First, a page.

Reid v. Fargo, 241 U.S. 544 (1916)
U.S. Supreme CourtReid v. Fargo, 241 U.S. 544 (1916)
Reid v. Fargo
Argued March 13, 1916
Decided June 12, 1916
241 U.S. 544
In the Second Circuit, the practice is well established that an appeal from the decree of the district court to the circuit court of appeals in an admiralty case by one of the parties opens the case for a trial de novo. Irvine v. The Hesper, 122 U. S. 256.
The owner of an automobile delivered it to an express company in London to forward to New York, declaring its value to be far in excess of $100; the express company boxed it and delivered it to a carrier and accepted a bill of lading with a limitation of $100 liability; on arrival at destination, a stevedore discharged the cargo and the rope by which the automobile was being hoisted broke and the automobile was seriously damaged; in a suit in personam in admiralty against the express company and to which the carrier and the stevedore had been made parties, held that:
The breaking of the rope in this case illustrates, as by analogy, the rule of res ipsa loquitur, and throws the responsibility on the stevedore furnishing the rope and handling the article unless such breaking can be explained as resulting from a hidden defect, which in this case is without support in the evidence.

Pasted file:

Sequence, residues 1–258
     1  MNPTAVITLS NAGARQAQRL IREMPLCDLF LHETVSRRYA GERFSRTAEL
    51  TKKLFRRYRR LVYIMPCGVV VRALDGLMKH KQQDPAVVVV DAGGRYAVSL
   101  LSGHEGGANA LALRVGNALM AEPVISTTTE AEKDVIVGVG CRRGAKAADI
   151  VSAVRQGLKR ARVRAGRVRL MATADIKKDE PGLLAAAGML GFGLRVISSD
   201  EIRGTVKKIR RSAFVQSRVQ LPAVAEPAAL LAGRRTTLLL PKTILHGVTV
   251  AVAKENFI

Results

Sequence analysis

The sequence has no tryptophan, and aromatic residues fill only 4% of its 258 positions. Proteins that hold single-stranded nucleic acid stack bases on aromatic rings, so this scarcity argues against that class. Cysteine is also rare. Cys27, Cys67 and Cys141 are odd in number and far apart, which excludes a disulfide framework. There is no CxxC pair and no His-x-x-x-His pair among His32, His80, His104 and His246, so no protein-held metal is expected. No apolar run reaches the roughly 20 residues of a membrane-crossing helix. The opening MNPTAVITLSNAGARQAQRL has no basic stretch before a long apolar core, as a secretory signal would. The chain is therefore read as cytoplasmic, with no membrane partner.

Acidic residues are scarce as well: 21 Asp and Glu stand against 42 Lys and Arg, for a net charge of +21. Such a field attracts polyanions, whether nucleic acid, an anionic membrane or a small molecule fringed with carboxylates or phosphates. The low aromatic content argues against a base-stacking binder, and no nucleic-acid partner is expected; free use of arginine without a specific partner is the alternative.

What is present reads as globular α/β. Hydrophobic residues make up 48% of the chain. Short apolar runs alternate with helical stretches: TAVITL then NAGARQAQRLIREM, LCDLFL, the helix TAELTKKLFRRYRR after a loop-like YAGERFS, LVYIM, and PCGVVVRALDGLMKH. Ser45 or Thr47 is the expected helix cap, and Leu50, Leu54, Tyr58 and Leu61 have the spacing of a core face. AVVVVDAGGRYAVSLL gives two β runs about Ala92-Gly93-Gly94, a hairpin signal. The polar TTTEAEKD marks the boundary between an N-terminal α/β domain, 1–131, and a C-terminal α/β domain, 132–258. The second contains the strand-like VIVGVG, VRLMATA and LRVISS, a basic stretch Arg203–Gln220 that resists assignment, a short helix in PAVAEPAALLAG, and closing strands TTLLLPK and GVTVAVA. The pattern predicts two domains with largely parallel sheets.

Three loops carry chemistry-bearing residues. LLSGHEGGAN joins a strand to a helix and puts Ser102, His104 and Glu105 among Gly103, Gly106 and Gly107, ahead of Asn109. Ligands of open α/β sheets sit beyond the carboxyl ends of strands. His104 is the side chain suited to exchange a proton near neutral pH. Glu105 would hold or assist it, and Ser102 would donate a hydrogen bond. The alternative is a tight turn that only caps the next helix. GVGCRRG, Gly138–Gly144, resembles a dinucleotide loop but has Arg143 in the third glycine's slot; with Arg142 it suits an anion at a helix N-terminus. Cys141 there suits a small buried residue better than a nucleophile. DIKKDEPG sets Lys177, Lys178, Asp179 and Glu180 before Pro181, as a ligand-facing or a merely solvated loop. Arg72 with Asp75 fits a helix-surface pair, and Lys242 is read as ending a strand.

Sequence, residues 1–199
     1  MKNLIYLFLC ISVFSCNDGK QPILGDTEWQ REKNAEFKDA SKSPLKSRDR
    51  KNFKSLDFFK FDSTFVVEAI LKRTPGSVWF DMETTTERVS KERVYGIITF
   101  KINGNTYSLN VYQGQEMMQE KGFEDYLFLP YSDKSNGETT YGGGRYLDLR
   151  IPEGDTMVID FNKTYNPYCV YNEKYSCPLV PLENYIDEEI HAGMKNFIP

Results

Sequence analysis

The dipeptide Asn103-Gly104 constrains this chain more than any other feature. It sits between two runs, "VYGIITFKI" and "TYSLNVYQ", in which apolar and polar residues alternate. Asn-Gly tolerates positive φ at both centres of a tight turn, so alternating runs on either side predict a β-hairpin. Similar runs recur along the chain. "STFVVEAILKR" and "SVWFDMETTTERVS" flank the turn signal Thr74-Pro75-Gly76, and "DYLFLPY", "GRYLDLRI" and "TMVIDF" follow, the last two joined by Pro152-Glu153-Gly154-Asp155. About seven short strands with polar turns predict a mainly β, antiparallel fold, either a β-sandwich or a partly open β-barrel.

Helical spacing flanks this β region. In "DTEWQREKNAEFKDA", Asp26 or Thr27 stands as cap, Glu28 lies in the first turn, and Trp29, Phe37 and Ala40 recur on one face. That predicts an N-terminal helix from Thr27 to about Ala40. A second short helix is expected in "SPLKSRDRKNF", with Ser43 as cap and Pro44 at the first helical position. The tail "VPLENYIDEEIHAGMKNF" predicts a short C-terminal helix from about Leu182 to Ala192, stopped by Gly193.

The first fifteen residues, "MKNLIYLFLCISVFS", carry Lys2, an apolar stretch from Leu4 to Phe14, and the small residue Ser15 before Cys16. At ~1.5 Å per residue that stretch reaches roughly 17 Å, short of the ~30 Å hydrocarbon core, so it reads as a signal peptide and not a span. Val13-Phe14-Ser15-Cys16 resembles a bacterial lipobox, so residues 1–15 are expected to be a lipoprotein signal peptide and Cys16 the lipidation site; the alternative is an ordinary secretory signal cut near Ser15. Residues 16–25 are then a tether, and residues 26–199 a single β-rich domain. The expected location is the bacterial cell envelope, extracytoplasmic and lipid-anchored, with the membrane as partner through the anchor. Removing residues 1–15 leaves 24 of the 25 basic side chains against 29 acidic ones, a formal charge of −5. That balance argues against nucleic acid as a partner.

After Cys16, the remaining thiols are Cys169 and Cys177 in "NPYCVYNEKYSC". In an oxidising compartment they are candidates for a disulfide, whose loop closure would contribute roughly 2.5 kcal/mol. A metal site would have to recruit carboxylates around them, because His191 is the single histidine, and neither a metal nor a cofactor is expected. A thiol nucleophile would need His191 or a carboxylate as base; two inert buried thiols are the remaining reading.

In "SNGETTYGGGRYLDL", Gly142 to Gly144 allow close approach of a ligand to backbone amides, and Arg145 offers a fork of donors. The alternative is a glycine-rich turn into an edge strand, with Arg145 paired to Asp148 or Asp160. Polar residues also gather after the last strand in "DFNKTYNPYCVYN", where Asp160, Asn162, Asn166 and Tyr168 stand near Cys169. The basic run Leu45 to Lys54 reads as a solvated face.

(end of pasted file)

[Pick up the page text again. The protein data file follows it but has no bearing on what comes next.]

The breaking of the rope appearing from the evidence to have probably resulted from straining and cutting, the stevedore was responsible for the damage, and the decree should be against him primarily.
In case of failure to collect from the stevedore, the carrier is responsible to the extent of the limited amount stated in the bill of lading, and in case there is still a deficiency, the express company, even though only a forwarder, is liable by reason of having, without the authority of the shipper and with knowledge of the value of the article entrusted to it, accepted from the carrier a bill of lading limiting its liability.
The facts, which involve the jurisdiction and power of the circuit court of appeals on appeal from the district
court in admiralty and the liability of forwarders, carriers and stevedores in connection with the shipment and delivery of an automobile, are stated in the opinion.